Interview: Tall Ships

Life is never easy for a band on the road, something Tall Ships can attest to, having made a nine hour trip from their native Brighton to perform at the Beacons festival. But there’s more than enough reason for the group to be cheerful

Tall Ships

Life is never easy for a band on the road, something Tall Ships can attest to, having made a nine hour trip from their native Brighton to perform at the Beacons festival. But there’s more than enough reason for the group to be cheerful.

The band began when Ric (singer), Matt (bassist) and Jamie (drummer) met at University in Falmouth. Over the next few years they went from playing house parties and pubs to the BBC Introducing Stage at Reading Festival, eventually culminating in the release of their debut album ‘Everything Touching’ in 2012, with a sound somewhere between the ethereal Sigur Ross and the rock of Biffy Clyro. I met Ric and Matt backstage, having drawn an ecstatic crowd for their rain stopping set.

“It was good” enthused Matt “I was worried people would still be in bed or be put off by the rain, but it was fantastic.”

The crowd were more than onside for the set, heavier on rockier numbers, such as ‘Gallop’ and ‘Oscar’, but still finding time for touching love song ‘Ode to Ancestors.

It’s been a good few year for Tall Ships. ‘Everything Touching’ achieved scores of positive reviews from the likes of BBC Music, with its thoughtful lyrics and complex, layered songs, built on the band’s trade mark looping. Matt describes their sound as a unification of many influences, from pop, to heavy metal, and Ric’s lyrics also reveal a very personally inspired record.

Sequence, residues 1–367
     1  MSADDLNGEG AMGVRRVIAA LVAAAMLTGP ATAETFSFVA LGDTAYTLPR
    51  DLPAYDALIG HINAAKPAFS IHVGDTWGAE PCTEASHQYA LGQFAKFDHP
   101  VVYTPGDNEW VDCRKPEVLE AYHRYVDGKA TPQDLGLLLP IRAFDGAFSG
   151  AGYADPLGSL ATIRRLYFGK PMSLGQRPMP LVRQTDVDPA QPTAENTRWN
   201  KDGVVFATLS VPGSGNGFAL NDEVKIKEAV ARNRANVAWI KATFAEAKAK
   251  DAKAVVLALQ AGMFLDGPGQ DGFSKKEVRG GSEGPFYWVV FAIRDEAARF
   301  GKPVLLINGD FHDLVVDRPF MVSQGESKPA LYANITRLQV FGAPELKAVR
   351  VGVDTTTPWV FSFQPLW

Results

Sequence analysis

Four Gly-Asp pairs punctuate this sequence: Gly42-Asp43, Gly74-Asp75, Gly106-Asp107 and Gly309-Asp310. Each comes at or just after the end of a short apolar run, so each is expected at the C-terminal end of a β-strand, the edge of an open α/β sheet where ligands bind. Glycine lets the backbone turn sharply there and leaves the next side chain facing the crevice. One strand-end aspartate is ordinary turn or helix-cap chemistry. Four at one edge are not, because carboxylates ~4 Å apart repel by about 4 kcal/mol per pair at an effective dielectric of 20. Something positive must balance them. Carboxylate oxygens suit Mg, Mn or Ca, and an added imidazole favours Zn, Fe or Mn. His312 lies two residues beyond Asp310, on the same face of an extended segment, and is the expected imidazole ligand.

“The thing with the first album is that we didn’t pin ourselves down and just kept exploring our songs. I think, lyrically, it’s really great to get up on stage and express yourself. It’s great to put feelings in to a song and say what you want to say. “

And it shows. Not only is there great variation on the album itself, but also within individual songs.

Tracks such as ‘Ode to Ancestors’, for example, move from a dreamy opening to a driving drum beat and looped guitar riff. The live performances have also benefitted.

“ The shows got really big. We played to nearly eight hundred people in the Scarlet in London, it was so much more than we could hope for. People sing at our shows now, we love it.”

And now, another album is coming to fruition, with nineteen songs in the mix for the final cut.

“With the first album we were progressively leaning what to do and went in to recording with minimal ideas.

This time round we’ve more of a coherent idea of we want to do. Post rock but with pop....post rock in under four minutes”.

With an October tour to come and the new album tentatively scheduled for early next year, it looks as though Tall Ships will be clocking up a few more hours on the road. But if the reaction at Beacons is anything to go by they’ll moving from strength to strength, and in 2015, they could be on the verge of something very exciting.

 
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